G7 climate commitments judged too weak to bag COP26 success
Green groups say a lack of fresh finance to help developing countries adopt renewable energy and adapt to a warmer planet threatens key climate talks in November.
Leaders of G7 wealthy nations said on Sunday that 2021 should be a "turning point for our planet", faced with an "existential threat" from the twin crises of climate change and biodiversity loss.
In a joint communique at the end of a summit in Britain, they agreed to support "a green revolution that creates jobs, cuts emissions and seeks to limit the rise in global temperatures to 1.5 degrees" above pre-industrial times.
They said they would cut their climate-heating emissions to net-zero by 2050, halve their collective emissions by 2030 from 2010 levels, and boost climate finance for developing nations.
They also pledged to protect at least 30% of their land and oceans by 2030, adding "we acknowledge our duty to safeguard the planet for future generations".
Climate campaigners welcomed a commitment to phase out funding for new coal-power plants overseas by the end of 2021. But they lamented the lack of stronger targets for putting a stop to use of coal, oil and gas at home.
They also criticised a lack of clarity on how rich nations will meet an overdue promise to raise $100 billion a year for poorer countries to adopt clean energy and adapt to a warmer planet, with only Germany and Canada offering new money.
Green groups said the G7 leaders had not done enough to ensure the success of key COP26 climate talks in Scotland in November, which are tasked with finalising the rules for the full implementation of the 2015 Paris Agreement.
Here are some of their reactions:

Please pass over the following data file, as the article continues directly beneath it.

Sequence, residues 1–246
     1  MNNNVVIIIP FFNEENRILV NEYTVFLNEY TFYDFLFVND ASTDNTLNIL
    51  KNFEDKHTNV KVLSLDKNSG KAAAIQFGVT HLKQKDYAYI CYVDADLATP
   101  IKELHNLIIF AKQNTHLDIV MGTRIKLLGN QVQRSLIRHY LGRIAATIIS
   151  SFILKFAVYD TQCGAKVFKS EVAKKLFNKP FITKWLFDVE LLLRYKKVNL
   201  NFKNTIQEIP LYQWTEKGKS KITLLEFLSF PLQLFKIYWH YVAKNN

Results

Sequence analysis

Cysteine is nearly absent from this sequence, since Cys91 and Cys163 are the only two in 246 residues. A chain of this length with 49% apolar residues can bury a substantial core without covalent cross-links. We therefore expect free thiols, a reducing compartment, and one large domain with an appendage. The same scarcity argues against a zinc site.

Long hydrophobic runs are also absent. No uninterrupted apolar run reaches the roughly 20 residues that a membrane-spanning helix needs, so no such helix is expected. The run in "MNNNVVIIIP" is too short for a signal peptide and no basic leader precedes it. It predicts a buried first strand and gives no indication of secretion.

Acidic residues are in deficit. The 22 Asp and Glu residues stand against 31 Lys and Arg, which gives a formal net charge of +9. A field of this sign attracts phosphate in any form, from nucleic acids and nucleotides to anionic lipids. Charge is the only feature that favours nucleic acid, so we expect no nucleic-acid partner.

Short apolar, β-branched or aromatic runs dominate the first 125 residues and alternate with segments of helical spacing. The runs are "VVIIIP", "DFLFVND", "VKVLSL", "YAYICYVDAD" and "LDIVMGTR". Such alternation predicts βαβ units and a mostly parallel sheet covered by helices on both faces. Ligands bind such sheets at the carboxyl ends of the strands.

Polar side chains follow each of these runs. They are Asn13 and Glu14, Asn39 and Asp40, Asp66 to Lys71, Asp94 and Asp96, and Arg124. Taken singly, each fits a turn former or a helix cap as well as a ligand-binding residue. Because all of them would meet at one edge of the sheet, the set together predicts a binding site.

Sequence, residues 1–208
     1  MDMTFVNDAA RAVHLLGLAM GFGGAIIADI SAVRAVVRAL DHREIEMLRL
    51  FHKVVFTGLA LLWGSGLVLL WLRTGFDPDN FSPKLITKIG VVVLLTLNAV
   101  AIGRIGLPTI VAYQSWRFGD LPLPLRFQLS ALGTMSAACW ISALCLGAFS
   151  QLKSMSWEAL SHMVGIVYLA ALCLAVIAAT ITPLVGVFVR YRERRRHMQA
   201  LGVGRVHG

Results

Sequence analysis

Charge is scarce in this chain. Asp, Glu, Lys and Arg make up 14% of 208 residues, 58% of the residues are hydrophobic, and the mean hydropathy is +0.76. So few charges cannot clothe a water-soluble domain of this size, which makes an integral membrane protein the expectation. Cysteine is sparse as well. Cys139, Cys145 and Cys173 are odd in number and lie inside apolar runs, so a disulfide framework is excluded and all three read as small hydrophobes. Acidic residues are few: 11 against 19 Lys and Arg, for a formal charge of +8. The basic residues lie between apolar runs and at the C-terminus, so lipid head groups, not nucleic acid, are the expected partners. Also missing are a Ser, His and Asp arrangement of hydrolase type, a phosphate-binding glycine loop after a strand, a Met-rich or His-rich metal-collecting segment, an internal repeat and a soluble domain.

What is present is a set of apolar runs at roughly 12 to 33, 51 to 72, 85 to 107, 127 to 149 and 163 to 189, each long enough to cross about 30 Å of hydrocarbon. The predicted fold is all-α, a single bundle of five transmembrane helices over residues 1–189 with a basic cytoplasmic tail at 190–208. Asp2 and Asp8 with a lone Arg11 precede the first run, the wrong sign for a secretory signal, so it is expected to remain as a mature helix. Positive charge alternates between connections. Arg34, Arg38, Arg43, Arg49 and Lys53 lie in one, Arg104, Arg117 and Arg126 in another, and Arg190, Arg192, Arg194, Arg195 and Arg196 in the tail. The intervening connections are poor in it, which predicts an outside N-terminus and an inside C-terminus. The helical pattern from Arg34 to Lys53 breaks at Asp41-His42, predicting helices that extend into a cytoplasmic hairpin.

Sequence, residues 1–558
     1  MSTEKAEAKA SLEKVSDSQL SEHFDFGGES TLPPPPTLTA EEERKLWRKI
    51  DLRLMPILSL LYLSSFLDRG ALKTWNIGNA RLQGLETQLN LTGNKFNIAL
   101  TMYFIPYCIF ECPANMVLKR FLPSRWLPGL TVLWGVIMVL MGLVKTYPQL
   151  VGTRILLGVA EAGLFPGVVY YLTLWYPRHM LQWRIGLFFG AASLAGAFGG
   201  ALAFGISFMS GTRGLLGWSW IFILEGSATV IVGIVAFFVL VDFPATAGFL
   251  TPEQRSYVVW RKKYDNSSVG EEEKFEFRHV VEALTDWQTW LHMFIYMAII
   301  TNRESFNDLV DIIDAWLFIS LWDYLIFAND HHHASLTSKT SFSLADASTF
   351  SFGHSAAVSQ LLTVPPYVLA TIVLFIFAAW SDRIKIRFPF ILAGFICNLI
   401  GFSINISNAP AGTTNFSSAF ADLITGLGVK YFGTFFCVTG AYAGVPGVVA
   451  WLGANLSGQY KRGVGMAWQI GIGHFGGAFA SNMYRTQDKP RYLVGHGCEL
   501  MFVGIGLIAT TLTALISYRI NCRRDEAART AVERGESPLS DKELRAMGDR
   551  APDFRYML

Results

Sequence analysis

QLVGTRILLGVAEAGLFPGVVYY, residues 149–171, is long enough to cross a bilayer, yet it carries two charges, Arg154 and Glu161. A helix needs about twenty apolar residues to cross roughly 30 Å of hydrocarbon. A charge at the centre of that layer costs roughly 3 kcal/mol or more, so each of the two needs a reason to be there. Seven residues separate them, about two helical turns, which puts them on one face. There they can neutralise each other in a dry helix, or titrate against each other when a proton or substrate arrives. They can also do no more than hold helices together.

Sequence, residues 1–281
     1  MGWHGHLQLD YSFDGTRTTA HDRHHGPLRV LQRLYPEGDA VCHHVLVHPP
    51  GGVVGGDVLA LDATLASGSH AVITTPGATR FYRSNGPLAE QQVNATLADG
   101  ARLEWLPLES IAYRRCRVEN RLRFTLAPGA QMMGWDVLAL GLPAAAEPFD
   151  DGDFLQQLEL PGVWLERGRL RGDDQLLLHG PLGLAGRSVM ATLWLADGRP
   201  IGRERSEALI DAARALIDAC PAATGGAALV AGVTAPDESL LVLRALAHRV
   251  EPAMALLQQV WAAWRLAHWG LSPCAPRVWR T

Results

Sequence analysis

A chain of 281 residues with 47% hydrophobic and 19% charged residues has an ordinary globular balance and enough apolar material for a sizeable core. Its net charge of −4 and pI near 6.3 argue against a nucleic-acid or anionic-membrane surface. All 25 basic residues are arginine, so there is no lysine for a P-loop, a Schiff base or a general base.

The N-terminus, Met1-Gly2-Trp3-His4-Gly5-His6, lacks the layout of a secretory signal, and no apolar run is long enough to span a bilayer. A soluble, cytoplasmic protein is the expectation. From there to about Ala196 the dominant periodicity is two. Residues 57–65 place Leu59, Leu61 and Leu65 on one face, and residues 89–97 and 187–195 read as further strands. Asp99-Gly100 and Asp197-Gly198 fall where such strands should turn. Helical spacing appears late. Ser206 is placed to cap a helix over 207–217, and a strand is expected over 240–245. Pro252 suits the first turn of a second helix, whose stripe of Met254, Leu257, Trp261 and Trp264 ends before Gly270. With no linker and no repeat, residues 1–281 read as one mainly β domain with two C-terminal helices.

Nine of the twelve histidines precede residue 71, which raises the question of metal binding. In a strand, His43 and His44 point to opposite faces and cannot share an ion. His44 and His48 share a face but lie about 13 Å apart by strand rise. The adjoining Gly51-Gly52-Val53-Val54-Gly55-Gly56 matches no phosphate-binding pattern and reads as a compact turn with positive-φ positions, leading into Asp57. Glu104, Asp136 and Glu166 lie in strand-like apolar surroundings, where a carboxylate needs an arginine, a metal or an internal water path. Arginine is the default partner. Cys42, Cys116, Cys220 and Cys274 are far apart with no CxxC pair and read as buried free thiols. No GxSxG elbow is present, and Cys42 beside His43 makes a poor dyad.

Nick Mabey, chief executive, E3G
"G7 leaders made some credible progress on climate action but failed to back this up with enough financial firepower to tackle the global COVID, economic and climate crises. This G7 leaves the success of COP26 on a knife edge. (Britain and Italy's leaders) Johnson and Draghi, as hosts of COP26 and the G20, need to bring G7 leaders back together in the autumn to put the financial muscle behind today's warm words."
Teresa Anderson, climate policy coordinator, ActionAid International
"The G7's reaffirmation of the previous $100 billion a year target doesn't come close to addressing the urgency and scale of the crisis. When it comes to climate finance, empty rhetoric won't pay the bills or deliver the action needed to avert climate catastrophe.
"The G7 must announce real finance through grants and stop turning a blind eye while the world's poorest and most marginalised, including women and girls in the Global South, are hit hardest by devastating cyclones, floods and rising sea levels."
Catherine Pettengell, Climate Action Network UK interim director
"G7 leaders have missed the boat in Cornwall on climate action and setting up success at COP26. Despite talking about the scale of the crisis, few concrete outcomes have been achieved.